The Museum has a wide and varied collection of Christian objects, dating from the middle ages to today. Including metalwork, stained glass, textiles, church furnishing and visual art.
Saints & Suffering
During the medieval and Renaissance periods, saints, particularly female saints, were also venerated because of the pain or martyrdom they suffered during their lives. For people living in an age where what rudimentary medicine there was was as likely to kill as to cure you, saints, who had suffered themselves, were comforting figures and a focus for prayers for recovery.
Apocalypse & the Book of Revelation
The apocalypse comes from the Book of Revelation, the last book of the Bible, which describes the final battle between God and Satan – Armageddon. During the medieval period, scenes and images from the Book of Revelation, and the idea of the Apocalypse had a widespread influence on many aspects of culture.
Christian monasticism developed in Egypt in the 3rd century when some Christians chose poverty and isolation as a way of getting closer to God. Communities copying the strict way of life of these holy men quickly spread across Europe and became an important part of medieval European society. By the mid-12th century, there were around 500 monasteries in England.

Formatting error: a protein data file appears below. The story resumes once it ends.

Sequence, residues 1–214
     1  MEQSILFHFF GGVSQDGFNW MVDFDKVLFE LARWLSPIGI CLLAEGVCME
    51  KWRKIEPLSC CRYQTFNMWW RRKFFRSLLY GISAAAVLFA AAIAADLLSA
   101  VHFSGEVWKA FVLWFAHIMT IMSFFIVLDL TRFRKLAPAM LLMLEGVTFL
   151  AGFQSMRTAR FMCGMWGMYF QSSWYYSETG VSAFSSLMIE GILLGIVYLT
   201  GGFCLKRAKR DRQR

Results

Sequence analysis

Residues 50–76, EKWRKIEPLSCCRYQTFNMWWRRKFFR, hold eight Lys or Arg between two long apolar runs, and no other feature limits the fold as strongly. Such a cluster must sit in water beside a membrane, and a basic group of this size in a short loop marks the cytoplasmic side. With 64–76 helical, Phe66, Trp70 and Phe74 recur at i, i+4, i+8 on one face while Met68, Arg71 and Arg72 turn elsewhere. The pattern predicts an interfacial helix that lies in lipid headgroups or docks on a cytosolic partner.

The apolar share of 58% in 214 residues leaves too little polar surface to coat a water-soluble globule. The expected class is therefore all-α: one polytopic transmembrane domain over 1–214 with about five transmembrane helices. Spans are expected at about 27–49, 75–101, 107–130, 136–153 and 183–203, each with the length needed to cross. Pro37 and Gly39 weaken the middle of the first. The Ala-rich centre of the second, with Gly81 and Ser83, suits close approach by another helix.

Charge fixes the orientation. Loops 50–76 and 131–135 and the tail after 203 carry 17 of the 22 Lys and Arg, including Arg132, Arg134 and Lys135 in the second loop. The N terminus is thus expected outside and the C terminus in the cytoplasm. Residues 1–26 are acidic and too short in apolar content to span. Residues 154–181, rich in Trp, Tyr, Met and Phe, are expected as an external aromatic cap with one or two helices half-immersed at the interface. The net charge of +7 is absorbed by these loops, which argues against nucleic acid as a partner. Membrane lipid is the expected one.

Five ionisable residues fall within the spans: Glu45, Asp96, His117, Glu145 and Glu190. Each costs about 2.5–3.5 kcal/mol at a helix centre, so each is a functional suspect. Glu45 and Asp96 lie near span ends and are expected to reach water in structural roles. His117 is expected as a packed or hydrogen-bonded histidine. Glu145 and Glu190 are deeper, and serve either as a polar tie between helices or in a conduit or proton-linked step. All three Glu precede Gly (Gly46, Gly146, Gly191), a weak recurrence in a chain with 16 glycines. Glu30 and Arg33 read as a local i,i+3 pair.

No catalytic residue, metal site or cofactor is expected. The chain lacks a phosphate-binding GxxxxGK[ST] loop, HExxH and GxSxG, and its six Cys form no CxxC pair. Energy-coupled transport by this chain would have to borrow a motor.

The Hereford Screen, by Sir George Gilbert Scott, 1862
The great choir screen made for Hereford Cathedral is one of the monuments of High Victorian art and a masterpiece in the Gothic Revival style. It was designed by Sir George Gilbert Scott, a leading Victorian architect, and made by the Coventry metalworking firm of Francis Skidmore.
The 's-Hertogenbosch Choir Screen, by Coenraed van Norenberch, 1600 - 1613
During the 13th and 17th centuries choir screens became common features in Netherlandish churches. Of those that survive none has a more remarkable history than the choir screen from the cathedral of St John in 's-Hertogenbosch.
In 1843, Henry Cole, the V&A’s founding director, sent the world’s first Christmas card. The Museum holds in its collections a large number of Christmas-related items, including cards, toys, books, church carvings, stained glass and decorations. The Museum also regularly commissions Christmas trees from well-known designers.